Under a federal program to transform government facilities into models of energy efficiency, Honeywell International Inc. came calling on Army commanders here with a deal to replace the base’s decades-old steam power plant.
The company proposed installing millions of dollars in new heating equipment and hooking the base to the local power grid -- all free in exchange for the company getting the bulk of future energy savings.
It was precisely the kind of deal that politicians and bureaucrats in Washington were pushing at facilities across the country -- modernizing aging machinery without the government spending any money of its own.
But today, the Ft. Richardson deal, one of the largest among hundreds of similar contracts, has sunk into a morass of accounting disputes and allegations of misconduct.
Army officials say they are stuck with a system that consumes more energy than before. Over the 25-year life of the project, the Army could lose more than $100 million, according to internal Army documents.
“There were no savings at all,” said Army auditor Nayer Mahmoud, former chief of internal review at Ft. Richardson.
The problems at Ft. Richardson point to the significant flaws in the once-heralded program, known as Energy Saving Performance Contracts. Critics say that the energy savings promised by private contractors are often illusory and that the contracts have exposed the government to enormous risk.
Despite the program’s troubled history, the government is forging ahead with it across the country.
In the last year alone, the Energy Department has issued 16 new “super” energy-saving performance contracts with a combined maximum potential value of $80 billion, according to the department’s inspector general.
The Government Accountability Office, the investigative arm of Congress, issued a report in 2005 that questioned whether the contracts were saving any money.
The Army Audit Agency has issued numerous reports that found private contractors had grossly inflated projected cost savings. In one report on the Ft. Richardson project, outside auditors found that Honeywell was counting energy savings from nearly two dozen buildings that had been demolished.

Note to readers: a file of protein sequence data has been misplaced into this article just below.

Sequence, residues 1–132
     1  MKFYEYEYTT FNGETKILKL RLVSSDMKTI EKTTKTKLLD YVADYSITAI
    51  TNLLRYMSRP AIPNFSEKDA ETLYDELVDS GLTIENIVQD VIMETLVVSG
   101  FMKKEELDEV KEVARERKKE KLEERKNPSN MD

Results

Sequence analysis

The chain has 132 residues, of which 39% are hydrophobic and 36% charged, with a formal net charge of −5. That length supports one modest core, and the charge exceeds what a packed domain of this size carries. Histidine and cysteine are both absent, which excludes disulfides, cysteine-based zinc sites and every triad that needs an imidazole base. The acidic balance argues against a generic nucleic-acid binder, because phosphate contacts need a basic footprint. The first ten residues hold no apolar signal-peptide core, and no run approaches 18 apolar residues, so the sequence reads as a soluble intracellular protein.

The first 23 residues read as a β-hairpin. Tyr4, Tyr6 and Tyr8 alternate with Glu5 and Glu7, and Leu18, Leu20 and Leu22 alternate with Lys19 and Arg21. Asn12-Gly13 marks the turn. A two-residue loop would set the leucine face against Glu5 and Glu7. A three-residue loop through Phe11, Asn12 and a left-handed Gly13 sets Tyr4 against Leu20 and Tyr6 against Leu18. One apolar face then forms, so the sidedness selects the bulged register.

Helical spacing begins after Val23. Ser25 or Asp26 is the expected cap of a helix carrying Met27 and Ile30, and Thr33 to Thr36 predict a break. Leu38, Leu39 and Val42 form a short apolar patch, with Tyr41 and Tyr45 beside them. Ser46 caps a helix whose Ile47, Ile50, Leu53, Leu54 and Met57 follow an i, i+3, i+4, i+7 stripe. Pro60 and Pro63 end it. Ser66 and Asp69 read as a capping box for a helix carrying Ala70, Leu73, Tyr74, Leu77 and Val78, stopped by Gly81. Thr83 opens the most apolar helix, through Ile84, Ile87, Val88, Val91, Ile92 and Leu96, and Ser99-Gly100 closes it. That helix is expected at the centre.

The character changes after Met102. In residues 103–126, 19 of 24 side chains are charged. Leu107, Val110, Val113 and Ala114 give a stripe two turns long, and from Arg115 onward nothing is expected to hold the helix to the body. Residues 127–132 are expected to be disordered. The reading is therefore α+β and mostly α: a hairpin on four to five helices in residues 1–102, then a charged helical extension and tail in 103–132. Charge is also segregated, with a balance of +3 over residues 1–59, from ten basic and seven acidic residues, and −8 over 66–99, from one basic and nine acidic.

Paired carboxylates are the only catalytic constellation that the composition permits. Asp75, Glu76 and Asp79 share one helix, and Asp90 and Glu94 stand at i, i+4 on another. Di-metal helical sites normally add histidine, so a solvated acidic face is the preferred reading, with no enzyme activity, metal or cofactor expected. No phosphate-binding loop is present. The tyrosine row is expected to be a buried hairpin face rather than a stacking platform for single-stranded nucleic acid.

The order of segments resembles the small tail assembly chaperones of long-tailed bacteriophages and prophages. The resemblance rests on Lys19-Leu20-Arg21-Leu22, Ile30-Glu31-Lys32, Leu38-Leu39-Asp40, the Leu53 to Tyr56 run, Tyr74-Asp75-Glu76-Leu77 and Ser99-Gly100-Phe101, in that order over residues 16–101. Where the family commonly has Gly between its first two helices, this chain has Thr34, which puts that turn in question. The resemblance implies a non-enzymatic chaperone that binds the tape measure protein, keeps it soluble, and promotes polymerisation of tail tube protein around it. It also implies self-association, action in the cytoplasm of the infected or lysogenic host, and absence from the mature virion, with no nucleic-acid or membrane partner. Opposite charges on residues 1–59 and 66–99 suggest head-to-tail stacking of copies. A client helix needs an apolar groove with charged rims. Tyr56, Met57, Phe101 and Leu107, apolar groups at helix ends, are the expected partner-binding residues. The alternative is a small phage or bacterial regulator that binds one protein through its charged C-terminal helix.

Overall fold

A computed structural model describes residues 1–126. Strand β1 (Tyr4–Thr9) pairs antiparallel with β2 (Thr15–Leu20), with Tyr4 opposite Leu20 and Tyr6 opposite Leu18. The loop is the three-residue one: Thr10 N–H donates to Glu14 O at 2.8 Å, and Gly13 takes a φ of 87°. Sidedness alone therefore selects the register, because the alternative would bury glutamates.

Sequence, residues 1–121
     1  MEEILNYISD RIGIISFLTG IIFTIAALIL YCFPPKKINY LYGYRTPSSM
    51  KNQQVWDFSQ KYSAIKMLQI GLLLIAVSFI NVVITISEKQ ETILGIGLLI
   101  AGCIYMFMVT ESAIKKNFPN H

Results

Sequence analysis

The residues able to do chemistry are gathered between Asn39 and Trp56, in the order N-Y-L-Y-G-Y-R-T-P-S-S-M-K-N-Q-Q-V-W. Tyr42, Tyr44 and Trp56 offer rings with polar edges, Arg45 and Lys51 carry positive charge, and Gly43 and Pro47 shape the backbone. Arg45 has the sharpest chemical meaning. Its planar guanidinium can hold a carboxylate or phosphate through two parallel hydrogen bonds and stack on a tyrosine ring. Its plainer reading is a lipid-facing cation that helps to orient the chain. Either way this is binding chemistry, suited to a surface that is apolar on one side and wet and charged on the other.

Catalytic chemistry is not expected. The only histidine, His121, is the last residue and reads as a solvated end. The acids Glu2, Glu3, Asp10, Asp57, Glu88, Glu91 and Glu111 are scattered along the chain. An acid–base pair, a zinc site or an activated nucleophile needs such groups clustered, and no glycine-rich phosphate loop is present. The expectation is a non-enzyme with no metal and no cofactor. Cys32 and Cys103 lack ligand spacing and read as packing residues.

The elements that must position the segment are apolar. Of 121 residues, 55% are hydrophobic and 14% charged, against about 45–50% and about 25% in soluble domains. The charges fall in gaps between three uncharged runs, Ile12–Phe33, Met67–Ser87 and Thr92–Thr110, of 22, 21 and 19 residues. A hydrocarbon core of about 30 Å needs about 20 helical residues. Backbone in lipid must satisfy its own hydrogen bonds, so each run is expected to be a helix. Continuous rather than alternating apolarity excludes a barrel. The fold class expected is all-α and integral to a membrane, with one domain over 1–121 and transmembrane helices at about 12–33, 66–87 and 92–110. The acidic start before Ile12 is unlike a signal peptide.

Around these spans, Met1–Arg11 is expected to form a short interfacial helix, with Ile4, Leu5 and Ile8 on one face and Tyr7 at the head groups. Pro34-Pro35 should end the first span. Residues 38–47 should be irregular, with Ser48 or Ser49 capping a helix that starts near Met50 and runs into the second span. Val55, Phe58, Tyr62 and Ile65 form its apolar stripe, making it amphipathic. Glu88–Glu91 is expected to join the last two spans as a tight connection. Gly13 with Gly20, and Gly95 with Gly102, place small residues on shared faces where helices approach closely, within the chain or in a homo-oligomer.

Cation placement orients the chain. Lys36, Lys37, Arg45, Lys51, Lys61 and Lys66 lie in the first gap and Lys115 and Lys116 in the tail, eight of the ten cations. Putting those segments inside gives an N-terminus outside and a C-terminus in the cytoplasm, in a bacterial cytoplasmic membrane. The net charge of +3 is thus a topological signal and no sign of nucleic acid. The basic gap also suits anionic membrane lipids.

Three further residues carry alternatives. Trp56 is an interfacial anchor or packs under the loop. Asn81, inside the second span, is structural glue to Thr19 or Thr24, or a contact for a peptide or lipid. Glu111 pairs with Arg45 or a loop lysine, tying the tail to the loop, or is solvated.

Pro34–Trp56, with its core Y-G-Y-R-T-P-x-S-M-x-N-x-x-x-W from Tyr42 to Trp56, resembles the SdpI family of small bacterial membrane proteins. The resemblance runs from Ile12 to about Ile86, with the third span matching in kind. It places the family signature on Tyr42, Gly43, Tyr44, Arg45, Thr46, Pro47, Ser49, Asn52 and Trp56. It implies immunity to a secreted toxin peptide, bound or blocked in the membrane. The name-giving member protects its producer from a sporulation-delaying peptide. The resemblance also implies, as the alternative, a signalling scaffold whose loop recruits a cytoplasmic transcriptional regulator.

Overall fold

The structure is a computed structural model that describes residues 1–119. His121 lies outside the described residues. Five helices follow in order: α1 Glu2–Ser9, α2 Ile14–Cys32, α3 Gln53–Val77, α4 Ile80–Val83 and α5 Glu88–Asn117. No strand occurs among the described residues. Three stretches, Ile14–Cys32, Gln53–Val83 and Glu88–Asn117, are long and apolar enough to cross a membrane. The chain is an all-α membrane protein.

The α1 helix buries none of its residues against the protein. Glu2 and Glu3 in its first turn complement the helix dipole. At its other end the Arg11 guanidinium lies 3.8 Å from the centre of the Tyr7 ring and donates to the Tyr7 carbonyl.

Honeywell has been accused of fraud in a sealed federal False Claims Act lawsuit, according to congressional sources.
Even the Energy Department has been accused of mismanaging its own programs, losing a potential $17 million on four contracts, according to a probe last month by the department’s inspector general.
“Skeptics said this looks too good to be true,” said Charles Tiefer, University of Baltimore professor of government contract law who has testified before Congress on the program. “And they were right.”
Good on paper
The energy-saving program was created by law in 1992 and promoted by Presidents Clinton and George W. Bush, and now President Obama.
There is an undeniable allure to the idea. Costly energy upgrades are financed by a private contractor, which borrows money, installs the equipment and recoups its investment over many years.
But the projects have turned out to be enormously complex, both technically and legally. Government managers have been hard-pressed to protect against errors and deliberate fraud, Tiefer said.
A key issue has been measuring how much energy has been used in the past and estimating how much will be used in the future to determine whether a project will save money, a difficult calculation that often proves faulty.
“This program took the government on a disastrous diversion from real energy conservation,” Tiefer said. “Strained bookkeeping took the place of sound energy practices.”
The Ft. Richardson project has become one of the most prominent examples of what could go wrong.
Honeywell was awarded the contract without competition just months after its initial sales call in November 1999. The project was overseen by the Army Corps of Engineers out of Huntsville, Ala.
The project aimed to mothball Ft. Richardson’s power plant, which used high-pressure steam to generate electricity and then piped the residual steam to heat buildings, including three elementary schools, a nearby hospital and a state fish hatchery.